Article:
In ancient Greece war was clearly highly gendered: the Greek man’s ability to wage war for his polis was a requirement for citizenship, and citizenship was everything. Fighting for the polis was a badge of engagement with the local community. Given that women had little or no public role or profile in Greek society it comes as something of a surprise, perhaps, to learn that while women may have not been active in public life, they did play a very real part in war and military life in a range of activities – from feeding their troops to fighting the enemy, from hurling missiles to manufacturing armour. When and where it was required, women were ready and able to (wo)man the parapets, as it were, and help defend the polis for which their husbands, brothers and fathers were risking their lives. Indeed, not only were they ready to do this, but they were actually encouraged, if not required, to do so.

It is a short step from Philon’s military textbooks to stand-alone reference books or lists embedded in literary works: the catalogue. Catalogues and handbooks of one kind or another were common in the Graeco-Roman world, perhaps reflecting a desire for orderliness and categorisation. ‘Types’ of men and women feature prominently and include various war-related catalogues of armies in the Iliad and the Aeneid chthonic catalogues of women in the Odyssey and the Aeneid and Neanthes of Cyzicus’ ‘About Illustrious Men’ in the 3rd century BCE. Charon of Carthage compiled two collections four books long listing illustrious men and women in short biographies and anecdotes. Photius (codex 161) tells us about the 4th century CE sophist Sopatros and his twelve books, one of which extracts brave exploits of women by Artemon of Magnesia and another describes ‘women who achieved a distinguished name and great glory’. Theophrastus (frr 625-7) gives us a list of women who caused wars or destroyed houses.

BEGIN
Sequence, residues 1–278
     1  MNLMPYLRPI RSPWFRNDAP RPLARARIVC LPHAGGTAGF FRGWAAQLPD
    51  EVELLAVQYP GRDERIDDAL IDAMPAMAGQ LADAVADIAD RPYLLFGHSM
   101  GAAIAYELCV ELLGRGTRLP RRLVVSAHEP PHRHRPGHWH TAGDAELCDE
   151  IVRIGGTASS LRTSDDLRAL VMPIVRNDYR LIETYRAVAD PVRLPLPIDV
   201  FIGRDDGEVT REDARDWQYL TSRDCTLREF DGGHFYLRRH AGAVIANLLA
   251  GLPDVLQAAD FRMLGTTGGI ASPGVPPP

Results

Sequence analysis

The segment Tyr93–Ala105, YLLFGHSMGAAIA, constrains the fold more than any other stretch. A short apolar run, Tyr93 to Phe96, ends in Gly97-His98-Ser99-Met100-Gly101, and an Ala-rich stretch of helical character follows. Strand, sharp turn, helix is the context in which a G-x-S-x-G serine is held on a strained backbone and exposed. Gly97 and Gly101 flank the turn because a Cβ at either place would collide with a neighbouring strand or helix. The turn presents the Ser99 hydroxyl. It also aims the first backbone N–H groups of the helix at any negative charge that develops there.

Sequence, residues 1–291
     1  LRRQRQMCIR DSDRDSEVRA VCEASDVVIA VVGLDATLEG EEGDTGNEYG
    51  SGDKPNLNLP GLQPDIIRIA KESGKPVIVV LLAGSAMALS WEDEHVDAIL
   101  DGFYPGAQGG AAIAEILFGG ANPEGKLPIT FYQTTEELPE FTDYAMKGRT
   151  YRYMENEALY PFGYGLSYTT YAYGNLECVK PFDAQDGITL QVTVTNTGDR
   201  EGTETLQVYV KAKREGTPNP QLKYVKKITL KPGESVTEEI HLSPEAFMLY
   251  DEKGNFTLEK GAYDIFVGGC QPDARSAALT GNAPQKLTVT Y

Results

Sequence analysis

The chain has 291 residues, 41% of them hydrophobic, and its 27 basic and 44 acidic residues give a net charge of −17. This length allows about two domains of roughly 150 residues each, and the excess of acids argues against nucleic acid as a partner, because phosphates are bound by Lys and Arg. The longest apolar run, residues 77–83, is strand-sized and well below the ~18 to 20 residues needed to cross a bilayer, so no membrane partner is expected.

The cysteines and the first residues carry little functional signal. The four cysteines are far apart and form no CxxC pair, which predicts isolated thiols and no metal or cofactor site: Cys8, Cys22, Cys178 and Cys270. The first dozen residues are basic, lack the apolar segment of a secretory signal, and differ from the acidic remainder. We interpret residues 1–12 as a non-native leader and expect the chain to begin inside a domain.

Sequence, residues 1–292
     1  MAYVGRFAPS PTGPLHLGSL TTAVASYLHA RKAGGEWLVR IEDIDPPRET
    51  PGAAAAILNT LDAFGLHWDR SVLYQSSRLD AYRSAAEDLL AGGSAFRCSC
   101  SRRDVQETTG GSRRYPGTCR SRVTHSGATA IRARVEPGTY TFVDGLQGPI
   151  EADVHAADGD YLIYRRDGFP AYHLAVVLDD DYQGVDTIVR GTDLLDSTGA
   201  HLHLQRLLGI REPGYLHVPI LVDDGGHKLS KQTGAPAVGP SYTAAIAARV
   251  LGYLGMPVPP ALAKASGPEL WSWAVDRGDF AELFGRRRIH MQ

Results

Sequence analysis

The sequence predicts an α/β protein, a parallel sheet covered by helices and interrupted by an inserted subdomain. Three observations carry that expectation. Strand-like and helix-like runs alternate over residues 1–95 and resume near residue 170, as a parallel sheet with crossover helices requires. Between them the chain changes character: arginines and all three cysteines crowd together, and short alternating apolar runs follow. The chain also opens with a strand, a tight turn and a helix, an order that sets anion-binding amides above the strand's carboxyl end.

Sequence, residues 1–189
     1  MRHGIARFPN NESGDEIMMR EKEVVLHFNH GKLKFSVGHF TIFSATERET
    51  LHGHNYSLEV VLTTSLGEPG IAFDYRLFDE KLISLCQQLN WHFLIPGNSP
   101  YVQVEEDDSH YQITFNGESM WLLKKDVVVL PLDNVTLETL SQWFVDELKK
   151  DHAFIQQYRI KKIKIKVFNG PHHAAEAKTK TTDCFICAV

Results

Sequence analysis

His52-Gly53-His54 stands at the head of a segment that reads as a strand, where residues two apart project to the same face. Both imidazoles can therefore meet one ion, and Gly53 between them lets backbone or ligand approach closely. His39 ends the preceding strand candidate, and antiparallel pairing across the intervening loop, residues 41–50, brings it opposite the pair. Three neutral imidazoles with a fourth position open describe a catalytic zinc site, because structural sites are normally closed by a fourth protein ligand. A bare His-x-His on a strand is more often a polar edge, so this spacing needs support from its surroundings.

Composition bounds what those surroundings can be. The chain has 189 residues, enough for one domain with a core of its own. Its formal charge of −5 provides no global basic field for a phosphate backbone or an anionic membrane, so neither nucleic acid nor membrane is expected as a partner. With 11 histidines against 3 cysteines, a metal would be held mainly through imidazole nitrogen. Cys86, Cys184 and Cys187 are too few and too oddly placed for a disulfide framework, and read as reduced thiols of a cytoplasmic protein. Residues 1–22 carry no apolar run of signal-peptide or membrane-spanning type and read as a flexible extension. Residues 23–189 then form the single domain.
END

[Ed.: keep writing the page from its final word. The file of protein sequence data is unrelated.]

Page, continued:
By the end of the 5th century CE there was also no shortage of advice on how to prosecute a war or win a battle . Of the extant works of military strategy and warfare there was Aeneas Tacticus (fl. 4th century BCE), the Poliorketika or How to Survive under Siege Polybius (c. 200 – c. 118 BCE ), 19-42 of his Histories on military matters, especially camps, and author of the lost Tactica Julius Caesar’s Bellum Gallicum and Bellum Civile from the 1st century BCE Onasander (fl. 1st century CE ) a Greek philosopher and author of Strategikos, one of the most important treatises on ancient military matters with information not available in other works on Greek military tactics, especially concerning the use of the light infantry in battle Frontinus (late 1st century CE): Strategemata – a compendium of over 500 examples of military devices and ploys, intended by Frontinus as a sort of vade mecum for the military commander – the work is an appendix to his the Art of War, which has not survived Vegetius: De Re Militari (late 4th century CE) which covers training of soldiers, strategy, maintenance of supply lines and logistics, leadership and tactics including deception Zosimus’ Historia Nova (fl. 490s–510s) Polyaenus’ Strategemata divided into eight books and written in the second half of the 2nd century CE: the first six contain the stratagems of the most celebrated Greek generals, the seventh of those of foreign militarists, and the eighth of the Romans, and illustrious women. It is this last section which interests us along with Plutarch’s, Mulierum Virtutes, On the Bravery of Women compiled some 150 years earlier, and the anonymous, undatable Tractatus de Mulieribus, an obscure Greek work describing fourteen mainly valiant Greek and barbarian women.